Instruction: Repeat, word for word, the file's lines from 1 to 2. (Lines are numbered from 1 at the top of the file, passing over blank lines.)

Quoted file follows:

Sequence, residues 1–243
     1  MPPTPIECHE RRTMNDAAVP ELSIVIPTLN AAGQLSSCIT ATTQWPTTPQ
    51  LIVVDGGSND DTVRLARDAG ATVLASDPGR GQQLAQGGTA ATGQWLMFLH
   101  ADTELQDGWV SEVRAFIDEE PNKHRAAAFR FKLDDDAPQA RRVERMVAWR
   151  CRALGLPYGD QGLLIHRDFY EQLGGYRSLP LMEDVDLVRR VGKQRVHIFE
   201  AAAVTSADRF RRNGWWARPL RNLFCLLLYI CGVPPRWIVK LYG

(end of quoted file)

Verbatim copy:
Sequence, residues 1–243
     1  MPPTPIECHE RRTMNDAAVP ELSIVIPTLN AAGQLSSCIT ATTQWPTTPQ